antagonist

How to Place Turning Points on a Beat Sheet

February 5, 2015 Writing Stuff
Thumbnail image for How to Place Turning Points on a Beat Sheet

Is a Catalyst the same thing as an Inciting Incident? (Answer: Yes.) How do I know? It’s not because there’s a secret cheat sheet with translations for every beat sheet term. *smile* If we know the functions beats fulfill in a story, we’ll always know where a story event belongs on a beat sheet.

Pin It
Click here to read more

How to Create Characters Worth Reading

January 27, 2015 Writing Stuff
Thumbnail image for How to Create Characters Worth Reading

There’s no shortage of blog posts about what makes characters likable to readers. Yet readers still read and enjoy stories with unlikable characters. Why? Let’s take a look at what options we have for creating characters that compel readers to keep turning pages.

Pin It
Click here to read more

Balancing Conflict in Romance Stories

January 22, 2015 Writing Stuff
Thumbnail image for Balancing Conflict in Romance Stories

One of my commenters asked a great question last week that gets to the heart of the balancing game we have to play when writing romance. The characters have to be perfect enough for each other to make a believable couple, but there also has to be enough conflict between them to sustain a story.

Pin It
Click here to read more

What Makes a Story’s Black Moment a Black Moment?

December 16, 2014 Writing Stuff
Thumbnail image for What Makes a Story’s Black Moment a Black Moment?

The Black Moment is usually one of the most emotional sections of the story, so it can be difficult to pull together. If we read stories (or watch movies), we’ve seen this beat play out endless times, so we probably understand the plot point more than we may think. But let’s take a closer look and see if we can learn something new.

Pin It
Click here to read more

Why No Advice Is Perfect: Character Emotions

September 30, 2014 Writing Stuff
Thumbnail image for Why No Advice Is Perfect: Character Emotions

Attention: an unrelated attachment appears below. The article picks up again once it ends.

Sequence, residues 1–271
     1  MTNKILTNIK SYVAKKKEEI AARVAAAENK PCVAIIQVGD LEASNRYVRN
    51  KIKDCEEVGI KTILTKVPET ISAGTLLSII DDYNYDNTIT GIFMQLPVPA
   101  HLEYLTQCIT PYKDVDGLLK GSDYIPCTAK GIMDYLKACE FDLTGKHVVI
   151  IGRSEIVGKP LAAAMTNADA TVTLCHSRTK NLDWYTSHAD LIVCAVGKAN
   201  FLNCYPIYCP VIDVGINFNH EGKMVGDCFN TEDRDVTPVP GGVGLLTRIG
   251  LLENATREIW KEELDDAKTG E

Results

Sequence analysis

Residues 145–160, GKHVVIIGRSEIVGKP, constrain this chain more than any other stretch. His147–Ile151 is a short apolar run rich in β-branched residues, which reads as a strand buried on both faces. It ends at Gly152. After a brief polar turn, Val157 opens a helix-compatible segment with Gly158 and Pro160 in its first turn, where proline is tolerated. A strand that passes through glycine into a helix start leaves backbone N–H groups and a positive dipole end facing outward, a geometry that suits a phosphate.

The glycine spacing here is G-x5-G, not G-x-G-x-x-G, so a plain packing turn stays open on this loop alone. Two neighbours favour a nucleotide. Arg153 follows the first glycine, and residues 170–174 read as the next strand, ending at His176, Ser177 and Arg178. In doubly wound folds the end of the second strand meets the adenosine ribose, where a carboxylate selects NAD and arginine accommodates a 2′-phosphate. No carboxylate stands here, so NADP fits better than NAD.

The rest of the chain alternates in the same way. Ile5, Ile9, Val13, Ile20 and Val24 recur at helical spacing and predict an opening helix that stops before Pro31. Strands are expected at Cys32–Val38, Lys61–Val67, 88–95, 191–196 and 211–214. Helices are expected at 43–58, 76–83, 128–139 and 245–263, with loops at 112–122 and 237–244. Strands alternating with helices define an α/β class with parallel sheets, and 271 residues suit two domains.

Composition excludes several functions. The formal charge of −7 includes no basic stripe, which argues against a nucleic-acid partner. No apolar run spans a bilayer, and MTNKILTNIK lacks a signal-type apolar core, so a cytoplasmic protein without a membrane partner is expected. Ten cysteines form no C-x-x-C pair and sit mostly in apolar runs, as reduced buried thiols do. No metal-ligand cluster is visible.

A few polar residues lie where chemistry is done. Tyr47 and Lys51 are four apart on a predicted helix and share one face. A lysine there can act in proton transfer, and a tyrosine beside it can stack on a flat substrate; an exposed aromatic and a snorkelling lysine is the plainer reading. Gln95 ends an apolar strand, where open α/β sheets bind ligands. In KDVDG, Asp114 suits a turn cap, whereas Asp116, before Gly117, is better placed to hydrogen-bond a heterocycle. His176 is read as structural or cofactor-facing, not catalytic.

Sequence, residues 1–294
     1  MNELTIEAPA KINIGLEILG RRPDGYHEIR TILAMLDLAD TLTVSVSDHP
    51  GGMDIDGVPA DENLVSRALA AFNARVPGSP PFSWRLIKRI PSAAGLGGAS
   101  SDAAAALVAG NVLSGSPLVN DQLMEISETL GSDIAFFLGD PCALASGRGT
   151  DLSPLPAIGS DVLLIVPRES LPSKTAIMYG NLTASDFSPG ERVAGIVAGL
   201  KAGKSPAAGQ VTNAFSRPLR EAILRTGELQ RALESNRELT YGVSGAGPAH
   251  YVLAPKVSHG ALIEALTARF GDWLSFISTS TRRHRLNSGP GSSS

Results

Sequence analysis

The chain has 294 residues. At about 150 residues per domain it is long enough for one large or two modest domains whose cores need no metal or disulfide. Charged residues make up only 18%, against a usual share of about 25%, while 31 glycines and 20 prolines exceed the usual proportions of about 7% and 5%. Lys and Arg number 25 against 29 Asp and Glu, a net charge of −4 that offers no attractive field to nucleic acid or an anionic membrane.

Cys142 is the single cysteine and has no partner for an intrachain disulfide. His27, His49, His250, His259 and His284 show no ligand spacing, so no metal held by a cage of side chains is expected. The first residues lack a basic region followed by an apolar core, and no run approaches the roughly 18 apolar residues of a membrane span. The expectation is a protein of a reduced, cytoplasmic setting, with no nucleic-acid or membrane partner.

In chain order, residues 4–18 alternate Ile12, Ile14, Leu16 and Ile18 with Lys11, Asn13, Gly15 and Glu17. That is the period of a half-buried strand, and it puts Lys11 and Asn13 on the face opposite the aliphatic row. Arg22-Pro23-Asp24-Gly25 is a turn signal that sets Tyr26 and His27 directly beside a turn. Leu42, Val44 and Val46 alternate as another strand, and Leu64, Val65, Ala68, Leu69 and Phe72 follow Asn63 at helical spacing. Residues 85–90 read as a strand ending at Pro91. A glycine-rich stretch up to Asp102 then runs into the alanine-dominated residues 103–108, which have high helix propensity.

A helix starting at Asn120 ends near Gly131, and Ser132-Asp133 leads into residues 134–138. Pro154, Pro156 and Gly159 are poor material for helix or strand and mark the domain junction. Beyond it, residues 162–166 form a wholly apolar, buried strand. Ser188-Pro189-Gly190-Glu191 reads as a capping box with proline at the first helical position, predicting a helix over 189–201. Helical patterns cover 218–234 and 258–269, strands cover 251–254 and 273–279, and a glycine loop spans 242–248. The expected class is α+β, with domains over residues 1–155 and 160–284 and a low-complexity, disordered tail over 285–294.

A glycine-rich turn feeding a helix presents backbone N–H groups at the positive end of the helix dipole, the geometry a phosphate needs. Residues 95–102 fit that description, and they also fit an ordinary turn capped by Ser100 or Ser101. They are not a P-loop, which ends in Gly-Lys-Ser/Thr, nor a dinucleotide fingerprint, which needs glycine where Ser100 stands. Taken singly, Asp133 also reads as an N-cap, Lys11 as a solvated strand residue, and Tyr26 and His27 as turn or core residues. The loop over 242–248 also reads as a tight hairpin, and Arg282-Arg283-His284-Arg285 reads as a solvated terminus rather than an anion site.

There’s never going to be a ‘one size fits all’ guideline for any aspect of writing. Every story is different, so some advice doesn’t apply to us. What’s right for one genre might not be right for another genre. Ditto for the point of view of the story. Or the characters. Or the plot.

Pin It
Click here to read more

Blogiversary Winners & a New Worksheet!

July 10, 2014 Writing Stuff
Thumbnail image for Blogiversary Winners & a New Worksheet!

I can’t make everyone a winner in my Blogiversary contest, but I can give everyone a gift by releasing a new worksheet. Yay! A couple of my readers asked me to take a look a John Truby’s work and see if I could come up with a worksheet based on his teachings.

Pin It
Click here to read more

What’s the Perfect Job for Our Characters?

April 29, 2014 Writing Stuff
Thumbnail image for What’s the Perfect Job for Our Characters?

If we write our story well, every aspect of the story will contribute to the overall picture and create an impression for the reader. There aren’t any unimportant details in a well-written story. And that means the careers for our characters shouldn’t be an afterthought either.

Pin It
Click here to read more

Building a Theme through Character Arcs

April 3, 2014 Writing Stuff
Thumbnail image for Building a Theme through Character Arcs

We normally create stories where the point—the theme—is in line with our worldview. But it’s not unusual for our characters to hold opposite beliefs, even our protagonists. At least to start. And their story journey is often where our theme lies.

Pin It
Click here to read more

How to Make Turning Points Drive Arcs and Themes

February 11, 2014 Writing Stuff
Thumbnail image for How to Make Turning Points Drive Arcs and Themes

Last week, we looked at turning points from the perspective of beat sheets—how to identify them and ensure they’re changing the direction of the story enough to deserve their name. But turning points affect the story in other ways too. Turning points aren’t just about plot twists. (In fact, plot twists come with a warning.) […]

Pin It
Click here to read more

Using Conflict to Understand Our Characters

November 19, 2013 Writing Stuff
Thumbnail image for Using Conflict to Understand Our Characters

All stories need conflict. As agent Donald Maass says, we need tension on every page. But that doesn’t mean our characters should come to fisticuffs on a regular basis. Instead, conflict refers to whatever stands between our characters and what they want. Why does it take them 300 or so pages to reach their goals or […]

Pin It
Click here to read more